When one says "the majority is always wrong", what does one mean by this? Do we mean that the majority is incapable of making perfect decisions (supposing for the moment that it is possible for an external agent to objectively measure the excellence of decisions)? That with universal sufferage, a large portion of people will make their decision based on very badly imperfect information? Or some other criterion? And if they make decisions which are somewhat bad, how do you propose to put into power individuals who, on average, make better decisions?
The problem with autocracy, and the modes of gaining power in societies tending to autocracy, is that the only thing that it consistently selects for is aptitude in gaining and retaining power. The only cases where "gaining and retaining power" is beneficial for "a nation" — that is to say (albeit acknowledging my democratic and humanistic bias when I say this) the people living in that country — are when the general well-being and contentedness of the subjects play a significant role in the ability of the dictator to continue to govern. That is to say, in a dictatorship which is weak, and which must accomodate the masses, or fall to a coup d'état. A democratic form of government is the logical (and also the historical) progression of governments being forced to accomodate the wishes of the citizenry.
You could, of course, remark that the main selection pressure for career politicians in a democracy is also their ability to obtain and retain power. The question is then: what is necessary for them to do so? Different democratic systems have many failings, but the worst of them — suceptibility to lobbyists or commercial interests, being prone to personal conflicts of interest, and so forth — not only apply to officers in a dictatorhsip as well, but are the sort of problem that we would categorize as corruption, that is to say, a failing to attain the intended standards of the system.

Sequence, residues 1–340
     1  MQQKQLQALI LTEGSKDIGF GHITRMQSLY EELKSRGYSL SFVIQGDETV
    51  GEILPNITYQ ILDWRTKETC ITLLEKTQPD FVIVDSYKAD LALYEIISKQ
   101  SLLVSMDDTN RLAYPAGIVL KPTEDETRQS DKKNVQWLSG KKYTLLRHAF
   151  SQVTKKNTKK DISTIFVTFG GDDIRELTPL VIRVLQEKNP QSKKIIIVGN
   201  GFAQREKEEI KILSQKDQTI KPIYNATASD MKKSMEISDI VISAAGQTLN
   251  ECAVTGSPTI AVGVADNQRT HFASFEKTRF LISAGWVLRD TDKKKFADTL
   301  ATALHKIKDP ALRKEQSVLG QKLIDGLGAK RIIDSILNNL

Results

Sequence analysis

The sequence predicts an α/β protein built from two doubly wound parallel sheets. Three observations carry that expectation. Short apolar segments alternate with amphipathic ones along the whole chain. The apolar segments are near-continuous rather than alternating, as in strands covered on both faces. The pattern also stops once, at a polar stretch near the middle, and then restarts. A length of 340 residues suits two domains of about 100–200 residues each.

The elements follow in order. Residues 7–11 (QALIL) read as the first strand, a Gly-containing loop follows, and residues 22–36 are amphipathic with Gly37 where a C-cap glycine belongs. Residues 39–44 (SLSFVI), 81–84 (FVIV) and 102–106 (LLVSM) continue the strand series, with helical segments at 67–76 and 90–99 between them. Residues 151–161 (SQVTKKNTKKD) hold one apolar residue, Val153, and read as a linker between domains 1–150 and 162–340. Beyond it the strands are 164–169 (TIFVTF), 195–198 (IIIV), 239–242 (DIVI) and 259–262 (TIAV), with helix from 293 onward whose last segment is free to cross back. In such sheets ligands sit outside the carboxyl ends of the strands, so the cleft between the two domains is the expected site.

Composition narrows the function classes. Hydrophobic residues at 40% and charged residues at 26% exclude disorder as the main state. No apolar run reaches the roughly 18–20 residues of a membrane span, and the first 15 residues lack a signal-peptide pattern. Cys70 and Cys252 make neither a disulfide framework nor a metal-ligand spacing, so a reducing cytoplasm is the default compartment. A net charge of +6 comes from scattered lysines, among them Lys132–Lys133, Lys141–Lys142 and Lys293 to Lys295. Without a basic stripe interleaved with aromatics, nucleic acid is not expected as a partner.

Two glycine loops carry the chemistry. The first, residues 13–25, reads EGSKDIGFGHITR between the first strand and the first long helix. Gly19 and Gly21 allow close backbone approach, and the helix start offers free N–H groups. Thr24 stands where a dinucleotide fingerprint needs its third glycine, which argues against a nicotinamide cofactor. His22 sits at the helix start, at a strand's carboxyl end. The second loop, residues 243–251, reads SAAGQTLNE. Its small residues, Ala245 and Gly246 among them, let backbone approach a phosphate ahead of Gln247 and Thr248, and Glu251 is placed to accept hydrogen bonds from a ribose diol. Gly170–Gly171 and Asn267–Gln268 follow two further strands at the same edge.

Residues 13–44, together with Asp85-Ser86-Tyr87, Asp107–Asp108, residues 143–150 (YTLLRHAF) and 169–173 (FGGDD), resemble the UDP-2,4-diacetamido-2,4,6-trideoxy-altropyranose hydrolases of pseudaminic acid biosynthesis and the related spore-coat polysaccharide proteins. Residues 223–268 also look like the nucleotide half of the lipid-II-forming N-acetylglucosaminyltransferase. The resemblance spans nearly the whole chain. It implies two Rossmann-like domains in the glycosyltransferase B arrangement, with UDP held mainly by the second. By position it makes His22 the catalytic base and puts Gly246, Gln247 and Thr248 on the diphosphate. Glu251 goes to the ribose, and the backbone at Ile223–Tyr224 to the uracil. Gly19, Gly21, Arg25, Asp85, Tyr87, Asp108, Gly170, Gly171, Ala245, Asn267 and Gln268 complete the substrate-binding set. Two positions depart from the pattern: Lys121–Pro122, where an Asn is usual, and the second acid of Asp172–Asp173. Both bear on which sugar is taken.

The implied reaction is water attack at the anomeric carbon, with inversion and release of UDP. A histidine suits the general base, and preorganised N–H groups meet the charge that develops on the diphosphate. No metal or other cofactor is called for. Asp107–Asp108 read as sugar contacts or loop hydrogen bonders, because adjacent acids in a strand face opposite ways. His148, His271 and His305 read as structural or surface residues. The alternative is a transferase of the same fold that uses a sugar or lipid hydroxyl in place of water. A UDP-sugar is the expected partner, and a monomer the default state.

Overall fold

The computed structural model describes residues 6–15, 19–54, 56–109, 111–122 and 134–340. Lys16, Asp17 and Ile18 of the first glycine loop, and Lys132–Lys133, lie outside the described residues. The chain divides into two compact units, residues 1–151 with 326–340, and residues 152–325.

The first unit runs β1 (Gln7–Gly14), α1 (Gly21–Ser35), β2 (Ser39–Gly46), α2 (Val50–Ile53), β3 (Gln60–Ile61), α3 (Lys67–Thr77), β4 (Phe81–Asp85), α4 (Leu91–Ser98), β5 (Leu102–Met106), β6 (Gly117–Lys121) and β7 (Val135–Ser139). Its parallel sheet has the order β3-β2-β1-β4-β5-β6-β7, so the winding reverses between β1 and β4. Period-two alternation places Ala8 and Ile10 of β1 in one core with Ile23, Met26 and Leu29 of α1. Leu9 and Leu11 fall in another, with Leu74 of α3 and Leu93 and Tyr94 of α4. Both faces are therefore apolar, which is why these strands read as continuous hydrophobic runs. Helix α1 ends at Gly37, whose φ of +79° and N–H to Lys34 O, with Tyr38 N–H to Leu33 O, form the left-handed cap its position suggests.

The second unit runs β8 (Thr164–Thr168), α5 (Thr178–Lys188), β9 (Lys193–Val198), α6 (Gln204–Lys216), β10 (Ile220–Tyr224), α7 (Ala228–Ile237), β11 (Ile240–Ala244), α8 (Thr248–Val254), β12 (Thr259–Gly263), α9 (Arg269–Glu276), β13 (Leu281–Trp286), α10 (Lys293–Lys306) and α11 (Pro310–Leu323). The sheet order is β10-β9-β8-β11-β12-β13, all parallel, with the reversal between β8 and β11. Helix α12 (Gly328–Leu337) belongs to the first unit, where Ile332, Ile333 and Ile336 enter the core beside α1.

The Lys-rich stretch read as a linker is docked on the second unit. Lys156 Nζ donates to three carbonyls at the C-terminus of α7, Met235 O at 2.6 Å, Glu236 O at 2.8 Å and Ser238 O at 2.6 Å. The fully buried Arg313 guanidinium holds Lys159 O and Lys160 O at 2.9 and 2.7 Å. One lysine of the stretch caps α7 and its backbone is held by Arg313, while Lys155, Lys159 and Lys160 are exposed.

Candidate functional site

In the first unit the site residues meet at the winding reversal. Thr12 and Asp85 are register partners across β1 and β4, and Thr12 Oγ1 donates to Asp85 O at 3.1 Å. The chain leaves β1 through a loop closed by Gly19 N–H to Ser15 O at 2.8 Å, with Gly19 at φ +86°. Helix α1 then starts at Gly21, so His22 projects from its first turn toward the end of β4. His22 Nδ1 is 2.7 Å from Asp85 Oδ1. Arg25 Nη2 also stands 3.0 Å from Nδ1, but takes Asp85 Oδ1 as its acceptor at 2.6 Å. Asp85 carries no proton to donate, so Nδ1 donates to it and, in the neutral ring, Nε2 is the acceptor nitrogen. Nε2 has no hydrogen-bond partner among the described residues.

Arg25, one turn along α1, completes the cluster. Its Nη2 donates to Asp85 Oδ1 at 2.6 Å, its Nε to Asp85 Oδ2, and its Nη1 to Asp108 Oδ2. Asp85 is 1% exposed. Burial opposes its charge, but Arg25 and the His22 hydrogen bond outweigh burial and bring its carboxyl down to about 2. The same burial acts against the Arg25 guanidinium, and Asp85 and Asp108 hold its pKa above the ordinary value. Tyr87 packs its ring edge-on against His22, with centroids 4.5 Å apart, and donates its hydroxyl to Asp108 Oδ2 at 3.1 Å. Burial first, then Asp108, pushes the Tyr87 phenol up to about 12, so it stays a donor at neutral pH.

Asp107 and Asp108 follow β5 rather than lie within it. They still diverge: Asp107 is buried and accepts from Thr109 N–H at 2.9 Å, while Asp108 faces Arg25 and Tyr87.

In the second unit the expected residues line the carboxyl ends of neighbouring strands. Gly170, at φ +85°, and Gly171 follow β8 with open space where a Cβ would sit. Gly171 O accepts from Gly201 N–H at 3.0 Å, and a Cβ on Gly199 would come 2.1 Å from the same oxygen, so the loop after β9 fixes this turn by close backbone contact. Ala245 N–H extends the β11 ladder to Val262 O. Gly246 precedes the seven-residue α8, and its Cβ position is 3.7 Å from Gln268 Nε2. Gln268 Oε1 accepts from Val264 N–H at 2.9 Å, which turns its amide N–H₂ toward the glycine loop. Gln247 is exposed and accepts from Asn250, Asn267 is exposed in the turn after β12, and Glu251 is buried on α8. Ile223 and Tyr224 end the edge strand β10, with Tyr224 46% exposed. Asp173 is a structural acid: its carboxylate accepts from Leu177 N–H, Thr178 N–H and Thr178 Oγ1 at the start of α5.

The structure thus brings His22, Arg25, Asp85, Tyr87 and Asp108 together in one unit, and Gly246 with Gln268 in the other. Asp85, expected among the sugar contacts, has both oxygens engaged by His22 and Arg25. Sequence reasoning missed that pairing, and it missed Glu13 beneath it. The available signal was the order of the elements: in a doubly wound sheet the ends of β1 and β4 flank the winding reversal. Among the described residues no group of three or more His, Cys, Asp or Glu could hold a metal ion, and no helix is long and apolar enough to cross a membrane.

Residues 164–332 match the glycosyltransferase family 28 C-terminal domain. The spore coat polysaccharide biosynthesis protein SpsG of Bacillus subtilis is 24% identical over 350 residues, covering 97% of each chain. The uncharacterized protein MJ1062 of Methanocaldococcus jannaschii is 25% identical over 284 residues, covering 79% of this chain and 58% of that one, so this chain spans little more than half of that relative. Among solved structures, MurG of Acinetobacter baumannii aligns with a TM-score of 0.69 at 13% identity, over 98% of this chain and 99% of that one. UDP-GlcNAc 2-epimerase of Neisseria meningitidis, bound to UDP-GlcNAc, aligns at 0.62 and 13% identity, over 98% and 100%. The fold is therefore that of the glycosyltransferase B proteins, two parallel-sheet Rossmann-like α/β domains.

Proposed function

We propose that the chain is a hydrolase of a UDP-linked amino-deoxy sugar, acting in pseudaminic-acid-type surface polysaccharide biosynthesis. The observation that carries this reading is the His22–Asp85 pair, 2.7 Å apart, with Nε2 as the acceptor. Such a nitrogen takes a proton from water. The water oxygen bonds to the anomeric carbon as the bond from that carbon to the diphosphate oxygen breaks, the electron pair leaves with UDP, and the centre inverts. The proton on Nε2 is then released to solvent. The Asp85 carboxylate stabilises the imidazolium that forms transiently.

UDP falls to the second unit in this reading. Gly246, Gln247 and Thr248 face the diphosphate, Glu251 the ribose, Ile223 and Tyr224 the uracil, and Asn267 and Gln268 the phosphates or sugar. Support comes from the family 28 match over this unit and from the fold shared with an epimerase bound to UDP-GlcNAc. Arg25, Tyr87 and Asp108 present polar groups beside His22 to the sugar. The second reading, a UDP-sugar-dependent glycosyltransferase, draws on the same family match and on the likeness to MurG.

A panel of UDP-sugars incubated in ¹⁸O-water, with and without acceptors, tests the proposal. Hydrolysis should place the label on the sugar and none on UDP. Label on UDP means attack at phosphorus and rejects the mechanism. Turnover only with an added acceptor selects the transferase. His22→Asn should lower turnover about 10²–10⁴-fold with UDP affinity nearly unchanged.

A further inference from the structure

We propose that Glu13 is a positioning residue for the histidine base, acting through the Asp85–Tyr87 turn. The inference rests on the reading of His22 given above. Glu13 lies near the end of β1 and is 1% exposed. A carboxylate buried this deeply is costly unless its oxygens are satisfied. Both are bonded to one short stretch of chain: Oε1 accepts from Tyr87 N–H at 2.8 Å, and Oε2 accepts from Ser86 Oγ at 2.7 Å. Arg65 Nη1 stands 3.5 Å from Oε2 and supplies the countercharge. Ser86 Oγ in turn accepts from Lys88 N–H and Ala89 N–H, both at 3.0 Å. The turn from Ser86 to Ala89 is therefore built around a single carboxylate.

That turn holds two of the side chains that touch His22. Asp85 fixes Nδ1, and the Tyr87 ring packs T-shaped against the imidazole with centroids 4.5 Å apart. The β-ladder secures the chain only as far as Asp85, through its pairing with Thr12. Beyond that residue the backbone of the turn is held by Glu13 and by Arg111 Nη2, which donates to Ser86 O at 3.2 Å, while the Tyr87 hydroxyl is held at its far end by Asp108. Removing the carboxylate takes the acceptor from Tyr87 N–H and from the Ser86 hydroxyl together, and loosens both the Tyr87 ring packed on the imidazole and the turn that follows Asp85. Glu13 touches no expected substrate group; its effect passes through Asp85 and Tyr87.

A benign, honest, and strong dictatorship is conceivable of course: otherwise you wouldn't have thought to ask the question. However, concievability is not the same as probability, or reliability. Historically, we seem to find the conditions for a strong dictatorship to be benign rather... rare. Furthermore, "benign" does not entail "well-informed", any more than "popular" does: a ruler who is well-meaning, or even well-informed in some matters, can be badly informed in other matters.
For certain ethical and moral priorities, such as those espoused during the enlightenment in Europe — freedom of movement and settlement, freedom of speech, and so forth — a democratic form of government is the best general scheme that we have found to enact those priorities. This is not to say that these forms of government are perfect for achieving important objectives (such as, perhaps, ensuring the integrity of the environment), but we have no experience with any other form of government which is more reliable for meeting those objectives; and (to make a rather bland understatement) dictatorships have an extremely spotty record for achieving them.